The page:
Two of the world's top art-theft sleuths discuss the heist from the Museum of Modern Art in Paris.
What are the theories of two of the world’s top art-theft sleuths about the heist early Thursday morning of paintings by Picasso, Matisse, Braque, Modigliani, and Léger worth at least $120 million from the Museum of Modern Art in Paris?
“To get out of jail free, crooks use stolen paintings as negotiating cards,” said Robert Wittman, who created the Federal Bureau of Investigation’s art-crime team and is now a private art-recovery specialist.
“When they get arrested for other criminal activity, they make a deal by providing information that leads to the recovery of stolen paintings,” he said.
“The thief took care in removing the paintings, and it suggests that this was more than simply a grab-your-trophy-picture-and-run,” said Charley Hill, who was once a top member of Scotland Yard’s fabled art and antiques squad and is now a private detective based in London.
“I suspect that the theft may have something to do with the current trial in France of three men who stole paintings by Picasso from Diana Widmaier Picasso, Picasso’s granddaughter, in 2007,” Hill added. “If they are convicted, the five paintings stolen from the Museum of Modern Art could turn out to be some kind of bargaining over the length of their sentences.”
According to the French police, a series of security blunders allowed a lone hooded man to remove a reinforced window and slip into the museum. The alarm system had been broken for three months and the closed-circuit television monitored by guards covered only the roof.
The alarm “was going off all the time, causing unnecessary alerts,” one security guard told a reporter. “That’s the reason management chose to switch it off.” An official who is deputy to the mayor of Paris was quoted as saying, “There are three [security] people in the museum at all times but those three people saw nothing.” The police said the paintings were cut out of the frames.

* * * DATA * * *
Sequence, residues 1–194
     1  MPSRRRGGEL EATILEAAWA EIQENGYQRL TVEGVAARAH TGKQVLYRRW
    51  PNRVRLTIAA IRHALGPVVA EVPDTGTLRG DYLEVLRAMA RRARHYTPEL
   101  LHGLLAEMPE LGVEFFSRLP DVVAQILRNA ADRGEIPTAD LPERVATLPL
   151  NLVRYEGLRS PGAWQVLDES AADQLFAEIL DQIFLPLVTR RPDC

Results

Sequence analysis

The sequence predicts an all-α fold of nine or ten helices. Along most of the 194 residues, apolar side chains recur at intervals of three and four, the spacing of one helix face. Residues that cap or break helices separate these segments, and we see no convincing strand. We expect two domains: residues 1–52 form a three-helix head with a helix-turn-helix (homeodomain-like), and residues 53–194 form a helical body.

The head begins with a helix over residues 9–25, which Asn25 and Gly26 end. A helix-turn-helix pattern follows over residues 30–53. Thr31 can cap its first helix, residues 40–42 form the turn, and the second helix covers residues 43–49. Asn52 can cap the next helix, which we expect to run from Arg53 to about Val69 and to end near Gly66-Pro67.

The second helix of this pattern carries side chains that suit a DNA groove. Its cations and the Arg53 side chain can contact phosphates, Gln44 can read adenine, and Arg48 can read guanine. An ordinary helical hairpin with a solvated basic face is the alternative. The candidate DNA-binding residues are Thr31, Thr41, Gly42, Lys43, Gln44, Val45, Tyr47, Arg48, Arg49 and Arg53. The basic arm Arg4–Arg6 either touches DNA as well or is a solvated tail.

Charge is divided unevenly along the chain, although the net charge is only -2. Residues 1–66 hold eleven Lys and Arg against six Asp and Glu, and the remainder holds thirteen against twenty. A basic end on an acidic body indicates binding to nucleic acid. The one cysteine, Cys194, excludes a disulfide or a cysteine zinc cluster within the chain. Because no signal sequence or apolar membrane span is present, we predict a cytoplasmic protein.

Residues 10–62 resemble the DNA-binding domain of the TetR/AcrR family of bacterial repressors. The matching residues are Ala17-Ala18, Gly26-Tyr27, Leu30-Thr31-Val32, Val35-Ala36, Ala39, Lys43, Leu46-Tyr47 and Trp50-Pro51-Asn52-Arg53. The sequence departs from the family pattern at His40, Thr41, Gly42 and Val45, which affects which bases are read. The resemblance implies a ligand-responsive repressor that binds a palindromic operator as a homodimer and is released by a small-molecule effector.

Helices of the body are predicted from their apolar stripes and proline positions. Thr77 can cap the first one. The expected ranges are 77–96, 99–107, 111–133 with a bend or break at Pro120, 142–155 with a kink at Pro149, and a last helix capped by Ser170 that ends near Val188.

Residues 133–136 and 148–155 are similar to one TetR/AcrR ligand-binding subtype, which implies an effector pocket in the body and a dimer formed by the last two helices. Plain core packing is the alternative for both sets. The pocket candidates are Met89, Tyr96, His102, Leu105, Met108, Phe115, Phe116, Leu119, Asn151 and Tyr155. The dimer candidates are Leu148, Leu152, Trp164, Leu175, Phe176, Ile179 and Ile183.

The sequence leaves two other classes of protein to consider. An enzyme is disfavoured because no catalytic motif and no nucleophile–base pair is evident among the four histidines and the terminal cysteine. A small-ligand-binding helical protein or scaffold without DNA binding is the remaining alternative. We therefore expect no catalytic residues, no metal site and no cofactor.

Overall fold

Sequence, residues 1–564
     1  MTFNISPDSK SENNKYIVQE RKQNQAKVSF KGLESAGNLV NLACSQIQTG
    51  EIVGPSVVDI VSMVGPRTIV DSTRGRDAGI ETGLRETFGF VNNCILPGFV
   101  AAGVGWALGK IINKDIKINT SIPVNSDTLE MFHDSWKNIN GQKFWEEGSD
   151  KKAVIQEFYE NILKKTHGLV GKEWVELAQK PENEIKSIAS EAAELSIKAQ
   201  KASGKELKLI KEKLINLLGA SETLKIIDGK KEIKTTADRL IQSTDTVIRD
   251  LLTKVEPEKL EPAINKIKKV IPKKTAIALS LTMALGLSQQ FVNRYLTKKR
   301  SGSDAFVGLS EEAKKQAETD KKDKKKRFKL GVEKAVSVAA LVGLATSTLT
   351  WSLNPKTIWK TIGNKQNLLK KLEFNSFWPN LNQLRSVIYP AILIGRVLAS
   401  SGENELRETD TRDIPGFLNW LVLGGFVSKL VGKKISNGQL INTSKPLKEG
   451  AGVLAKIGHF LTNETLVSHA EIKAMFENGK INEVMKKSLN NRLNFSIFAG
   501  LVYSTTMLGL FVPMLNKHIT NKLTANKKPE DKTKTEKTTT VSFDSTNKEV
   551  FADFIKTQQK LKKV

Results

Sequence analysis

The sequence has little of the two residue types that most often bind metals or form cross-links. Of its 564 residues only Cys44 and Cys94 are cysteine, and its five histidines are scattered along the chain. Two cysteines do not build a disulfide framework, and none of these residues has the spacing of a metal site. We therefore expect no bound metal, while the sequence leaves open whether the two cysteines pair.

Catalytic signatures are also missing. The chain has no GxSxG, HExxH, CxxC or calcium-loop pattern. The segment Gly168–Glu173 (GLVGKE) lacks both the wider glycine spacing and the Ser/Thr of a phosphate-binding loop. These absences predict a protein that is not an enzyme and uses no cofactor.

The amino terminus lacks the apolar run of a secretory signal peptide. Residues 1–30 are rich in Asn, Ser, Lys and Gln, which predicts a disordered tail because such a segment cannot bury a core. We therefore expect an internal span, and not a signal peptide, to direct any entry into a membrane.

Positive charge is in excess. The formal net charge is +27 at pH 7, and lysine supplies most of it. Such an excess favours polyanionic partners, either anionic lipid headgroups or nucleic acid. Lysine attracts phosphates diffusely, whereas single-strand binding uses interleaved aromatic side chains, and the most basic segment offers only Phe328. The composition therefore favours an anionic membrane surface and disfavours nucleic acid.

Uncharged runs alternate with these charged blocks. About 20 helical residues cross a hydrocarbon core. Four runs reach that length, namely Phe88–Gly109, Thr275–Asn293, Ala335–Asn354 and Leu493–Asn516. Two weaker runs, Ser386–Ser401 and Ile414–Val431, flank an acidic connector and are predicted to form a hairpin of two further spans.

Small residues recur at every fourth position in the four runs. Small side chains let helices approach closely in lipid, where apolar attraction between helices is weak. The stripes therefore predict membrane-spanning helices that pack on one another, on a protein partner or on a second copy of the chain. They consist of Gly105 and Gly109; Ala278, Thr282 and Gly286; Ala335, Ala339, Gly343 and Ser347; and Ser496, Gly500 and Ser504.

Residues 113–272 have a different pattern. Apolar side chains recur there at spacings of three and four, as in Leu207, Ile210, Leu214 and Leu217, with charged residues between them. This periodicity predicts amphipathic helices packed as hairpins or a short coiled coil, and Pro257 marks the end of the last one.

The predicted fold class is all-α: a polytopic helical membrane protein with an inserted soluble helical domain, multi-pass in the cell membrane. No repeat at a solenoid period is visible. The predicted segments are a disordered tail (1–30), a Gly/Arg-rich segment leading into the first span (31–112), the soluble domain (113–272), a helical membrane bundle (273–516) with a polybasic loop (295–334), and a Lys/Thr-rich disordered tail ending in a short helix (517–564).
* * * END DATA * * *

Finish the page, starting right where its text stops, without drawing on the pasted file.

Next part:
“It was a crime waiting to happen,” said Wittman, who with John Shiffman has written the memoir Priceless: How I Went Undercover to Rescue the World’s Stolen Treasures. The book will be published in June by Crown. Wittman was with the FBI for 20 years and often risked his life as the agency’s chief art hunter and only undercover art agent. He recovered more than $225 million worth of art and antiquities.
“There are gangs of thieves in France, a loose-knit group, based in the south of France, in Marseilles and the Riviera,” Wittman said. “Southern France is the entry point. They bring in drugs, they steal yachts, autos—Mercedes and BMW, which they sell in Eastern Europe—and art.
“These gangs know each other. They all know what’s available and what’s on the market. They talk to each other. At one point when I was working undercover in Marseilles, I received information that they had 76 paintings for sale. They have them in different places throughout the country.
“When I was working undercover in Paris, I was posing as the buyer of the paintings stolen from Picasso’s granddaughter. We set up an operation where a French police officer posed as my authenticator of the paintings—he would say whether they were real. When the thugs brought out the paintings, they were arrested.”
Hill once told me that art crime is “serious farce.” How come? It’s serious because the art is irreplaceable, but the farce develops when you’re fencing with crooks. When he was with Scotland Yard, Hill was involved in the recovery of many works, including paintings by Titian, Goya, and Munch.
“The guy who stole the five paintings relied on cunning, knowledge, and meticulous planning,” said Hill.
Wittman said, “I’m sure the thug had information that the motion detectors were not active. All he had to do was break the window. When I was at the FBI, we did a study in early 2000 and found out that more than 80 percent of museum thefts involved insiders. It does not necessarily have to mean employees. It could be people who would have inside information—outside experts or relatives of employees.”
Hill said, “The thief knew there were guards in the building. Somebody told him about the faulty security system and the guards’ habits in the early hours of the morning. He knew enough so that he could go from one point to another without being noticed.”
Do current or former officers of the FBI and Scotland Yard always agree with each other?
“It’s the first time I’ve agreed with the FBI,” said Hill with a smile.
“I’ve agreed with Scotland Yard many times,” said Wittman with a smile.
Milton Esterow is editor and publisher of ARTnews.